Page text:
Friday, January 7, 2011

A Visit to the Knesset

The Knesset (pronounced K-ness-et) is Israel's legislative branch of government located right here in Jerusalem. Visiting the Knesset is much like visiting the Congress buildings in the U.S. or the White House. It is an exciting tour free of charge which everyone should try to do if they have the time while in Israel. It is a historic site with many eventful happenings throughout its history, including various peace talks by Middle Eastern leaders, visits from ambassadors and world leaders, assassination memorials, protests and important votes and decisions in Israel's 62-year history.

View of the Knesset Building from the famous Menorah
View of the Knesset Building
That's me at the Knesset's famous menorah
The functions of the Knesset are to enact laws, elect the president and prime minister and to supervise the work of the government. The Knesset also has the power to remove the current president of the state and the state controller from office. Additionally, they can choose to dissolve themselves and call new elections. The Knesset is made up of 120 members who are elected to 4-year terms. All votes must be approved by a majority vote. This means that if only five members of the 120 members show up for a vote or election, then even in this case, majority rules. There is no minimum number of members required to be present in order to make a vote go forward. Lastly, I found it interesting that the president has no political power at all here in Israel, rather the voting power comes from the 120 members themselves, including the prime minister.  Past presidents in Israel have included people who are doctors, teachers and artists, just to name a few. It is the prime minister who assumes the true role of head of state. This is where all the magic happens:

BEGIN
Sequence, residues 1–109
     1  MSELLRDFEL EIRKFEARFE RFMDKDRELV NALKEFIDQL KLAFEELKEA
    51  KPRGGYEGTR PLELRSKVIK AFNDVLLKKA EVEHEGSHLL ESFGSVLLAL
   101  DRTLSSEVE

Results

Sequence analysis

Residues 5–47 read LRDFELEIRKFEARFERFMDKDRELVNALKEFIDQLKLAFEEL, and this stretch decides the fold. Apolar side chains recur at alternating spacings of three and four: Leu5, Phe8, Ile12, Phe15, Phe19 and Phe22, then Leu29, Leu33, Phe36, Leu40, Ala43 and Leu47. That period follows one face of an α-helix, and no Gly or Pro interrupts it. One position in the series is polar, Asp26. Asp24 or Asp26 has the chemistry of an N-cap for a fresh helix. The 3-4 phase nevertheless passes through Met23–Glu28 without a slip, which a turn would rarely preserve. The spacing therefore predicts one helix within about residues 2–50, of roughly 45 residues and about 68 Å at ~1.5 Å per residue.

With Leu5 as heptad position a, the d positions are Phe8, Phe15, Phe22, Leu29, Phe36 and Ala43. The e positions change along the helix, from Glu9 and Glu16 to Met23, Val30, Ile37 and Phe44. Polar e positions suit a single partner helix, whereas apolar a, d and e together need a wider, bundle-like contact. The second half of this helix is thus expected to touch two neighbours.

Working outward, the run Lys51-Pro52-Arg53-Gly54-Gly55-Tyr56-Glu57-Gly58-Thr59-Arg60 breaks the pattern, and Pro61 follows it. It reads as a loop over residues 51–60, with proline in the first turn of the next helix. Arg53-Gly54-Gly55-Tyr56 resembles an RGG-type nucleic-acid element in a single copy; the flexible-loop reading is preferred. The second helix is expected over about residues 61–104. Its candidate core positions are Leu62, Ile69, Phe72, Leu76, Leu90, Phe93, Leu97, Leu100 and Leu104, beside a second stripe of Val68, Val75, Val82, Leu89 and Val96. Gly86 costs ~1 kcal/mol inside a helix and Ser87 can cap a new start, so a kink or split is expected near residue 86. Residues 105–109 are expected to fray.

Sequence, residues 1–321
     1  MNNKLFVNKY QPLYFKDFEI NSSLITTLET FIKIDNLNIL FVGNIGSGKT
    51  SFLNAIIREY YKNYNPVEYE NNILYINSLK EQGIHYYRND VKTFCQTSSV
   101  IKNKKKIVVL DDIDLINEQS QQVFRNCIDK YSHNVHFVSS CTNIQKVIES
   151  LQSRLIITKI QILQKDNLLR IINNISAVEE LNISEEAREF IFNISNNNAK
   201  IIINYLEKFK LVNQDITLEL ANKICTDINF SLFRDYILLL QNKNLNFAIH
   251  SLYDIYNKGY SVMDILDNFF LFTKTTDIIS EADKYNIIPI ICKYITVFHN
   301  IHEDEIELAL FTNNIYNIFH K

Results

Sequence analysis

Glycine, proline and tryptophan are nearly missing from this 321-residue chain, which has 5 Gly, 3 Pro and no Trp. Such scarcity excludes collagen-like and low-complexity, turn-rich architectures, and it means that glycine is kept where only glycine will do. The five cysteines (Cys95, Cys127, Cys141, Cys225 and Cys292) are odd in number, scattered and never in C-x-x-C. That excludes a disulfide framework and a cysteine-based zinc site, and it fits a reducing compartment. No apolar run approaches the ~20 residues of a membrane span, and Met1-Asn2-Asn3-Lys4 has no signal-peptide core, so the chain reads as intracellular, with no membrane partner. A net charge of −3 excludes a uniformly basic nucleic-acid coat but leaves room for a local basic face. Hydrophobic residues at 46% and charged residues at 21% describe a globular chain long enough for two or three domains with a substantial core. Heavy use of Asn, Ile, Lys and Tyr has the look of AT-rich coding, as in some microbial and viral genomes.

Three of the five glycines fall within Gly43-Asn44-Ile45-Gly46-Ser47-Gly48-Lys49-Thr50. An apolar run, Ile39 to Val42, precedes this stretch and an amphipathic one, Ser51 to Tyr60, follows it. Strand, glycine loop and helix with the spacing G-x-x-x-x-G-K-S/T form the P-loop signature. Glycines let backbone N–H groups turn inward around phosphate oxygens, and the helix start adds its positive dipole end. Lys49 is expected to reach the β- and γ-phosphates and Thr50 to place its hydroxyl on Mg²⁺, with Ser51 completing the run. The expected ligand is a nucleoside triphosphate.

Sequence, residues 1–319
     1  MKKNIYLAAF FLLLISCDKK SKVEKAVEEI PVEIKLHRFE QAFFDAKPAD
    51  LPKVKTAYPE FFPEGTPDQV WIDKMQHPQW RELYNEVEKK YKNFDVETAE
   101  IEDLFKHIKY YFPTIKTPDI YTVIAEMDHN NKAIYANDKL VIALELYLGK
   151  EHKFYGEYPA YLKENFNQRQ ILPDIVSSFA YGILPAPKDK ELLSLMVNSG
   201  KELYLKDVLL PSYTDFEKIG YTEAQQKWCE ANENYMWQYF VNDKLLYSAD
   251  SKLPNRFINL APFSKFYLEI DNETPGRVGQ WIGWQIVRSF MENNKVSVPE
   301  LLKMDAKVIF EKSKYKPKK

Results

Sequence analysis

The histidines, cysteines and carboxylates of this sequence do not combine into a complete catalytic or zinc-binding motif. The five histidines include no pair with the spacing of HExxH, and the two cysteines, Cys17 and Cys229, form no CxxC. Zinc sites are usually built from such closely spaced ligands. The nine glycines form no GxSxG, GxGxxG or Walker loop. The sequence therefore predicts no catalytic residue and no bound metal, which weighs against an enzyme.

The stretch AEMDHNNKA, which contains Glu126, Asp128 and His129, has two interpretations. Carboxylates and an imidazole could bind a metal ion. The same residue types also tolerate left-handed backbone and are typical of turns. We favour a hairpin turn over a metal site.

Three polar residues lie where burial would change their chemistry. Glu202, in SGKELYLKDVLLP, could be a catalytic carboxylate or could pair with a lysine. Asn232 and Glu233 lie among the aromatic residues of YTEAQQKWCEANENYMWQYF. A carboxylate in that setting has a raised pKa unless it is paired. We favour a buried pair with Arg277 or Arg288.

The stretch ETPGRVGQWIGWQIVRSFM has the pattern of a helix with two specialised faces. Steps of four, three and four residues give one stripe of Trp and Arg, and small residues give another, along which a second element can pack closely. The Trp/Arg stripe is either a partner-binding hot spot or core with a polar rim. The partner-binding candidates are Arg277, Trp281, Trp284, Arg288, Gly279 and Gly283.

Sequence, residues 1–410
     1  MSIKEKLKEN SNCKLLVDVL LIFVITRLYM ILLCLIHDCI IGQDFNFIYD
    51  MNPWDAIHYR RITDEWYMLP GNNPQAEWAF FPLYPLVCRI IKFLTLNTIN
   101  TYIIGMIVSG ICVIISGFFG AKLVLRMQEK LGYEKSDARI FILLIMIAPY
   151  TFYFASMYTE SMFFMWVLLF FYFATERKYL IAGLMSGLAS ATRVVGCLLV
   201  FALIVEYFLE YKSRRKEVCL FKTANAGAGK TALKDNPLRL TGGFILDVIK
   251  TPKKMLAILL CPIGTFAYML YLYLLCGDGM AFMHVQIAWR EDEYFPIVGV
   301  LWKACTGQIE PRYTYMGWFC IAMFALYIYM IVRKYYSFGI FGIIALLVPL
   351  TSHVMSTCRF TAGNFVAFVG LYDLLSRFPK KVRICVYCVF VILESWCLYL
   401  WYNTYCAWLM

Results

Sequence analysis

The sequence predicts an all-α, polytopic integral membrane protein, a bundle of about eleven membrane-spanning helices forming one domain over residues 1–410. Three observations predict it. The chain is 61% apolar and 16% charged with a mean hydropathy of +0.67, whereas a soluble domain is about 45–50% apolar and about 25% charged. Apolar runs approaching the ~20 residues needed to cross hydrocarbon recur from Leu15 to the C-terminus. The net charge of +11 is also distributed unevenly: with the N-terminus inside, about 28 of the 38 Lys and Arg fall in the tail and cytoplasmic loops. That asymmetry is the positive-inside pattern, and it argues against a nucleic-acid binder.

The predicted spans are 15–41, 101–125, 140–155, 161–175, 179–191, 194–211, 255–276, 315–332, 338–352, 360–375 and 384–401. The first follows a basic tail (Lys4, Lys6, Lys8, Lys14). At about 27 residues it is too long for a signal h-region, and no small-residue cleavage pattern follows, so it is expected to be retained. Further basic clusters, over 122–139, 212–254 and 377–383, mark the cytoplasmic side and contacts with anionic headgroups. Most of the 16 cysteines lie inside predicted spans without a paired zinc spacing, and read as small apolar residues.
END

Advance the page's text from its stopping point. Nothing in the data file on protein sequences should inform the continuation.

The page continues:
An active Knesset meeting with the majority of its members present

An empty Knesset facing the visitor's sound/bullet proof glass window

The wall represents the old Jerusalem and the new (geometric 'views' from air)
The sound-proof and bullet-proof glass windows inside the Knesset were installed many years ago after a hand grenade was tossed inside an active Knesset, injuring several key members inside. Today, the Knesset is much safer and secure than in its original days. Also inside the Knesset are a plethora of tapestries and mosaics from famed artist, Marc Chagall. His artwork is synonymous with Jewish identity and culture and can be found throughout many key places in Israel. Here is a look at his artwork inside the walls of the Knesset:

Chagall's three tapestries represent the past, the present and the future
Another view of Chagall's tapestries from the other side
In this picture you can see one of many of his floor mosaics
A close-up of Chagall's wall mosaic
A close up of the tapestry depicting Israel's past
A closeup of the tapestry depicting Israel's future, i.e. peace and harmony
There is live streaming on channel 99 here in Israel so that you can watch everything going on at the Knesset at any time. The people of Israel are encouraged to watch history literally in the making. Not far from the Knesset is the beautiful park, Gan Sacher, where Jessica and I had a chance to stop and picnic before our tour to the historic Knesset building. It is sort of the "Central Park" of Jerusalem if you will:

A beautiful view of an empty Gan Sacher Park in Jerusalem
A busy weekend day in the park attracts many sun bathers, dog walkers, etc.
A picnic in the park is a usual sight to see at Gan Sacher
A busy day at Gan Sacher being enjoyed by locals
Aerial view of Gan Sacher and the Knesset
No visit to Jerusalem is complete without a visit to the Knesset. Many famous political have passed through its doors and there are many excited stories to here about its history. To end this visit to the Knesset, I would like to show you the beautiful views surrounding the Knesset building. It is located a beautiful part of town, packed with political buildings including the Supreme Court, the Ministry of Foreign Affairs, the Ministry of Tourism and the Ministry of Transportation just to name a few. 

View to the north of the Supreme Court and Wohl Rose Garden
View to the east of the neighborhoods Rehavia and Nachlaot
View to the west of the Shrine of the Book and the Judean mountains
A view to the south of the Monastery of the Cross and surrounding olive trees

2 comments:

  1. Awesome article, You convinced me to go and visit Knesset, I just moved here and didn't even know that I have this opportunity! thanks!

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  2. You can also visit the Supreme Court for free! It's definitely a necessity as well. I'm so glad you found the article useful :) And, welcome to Israel!!

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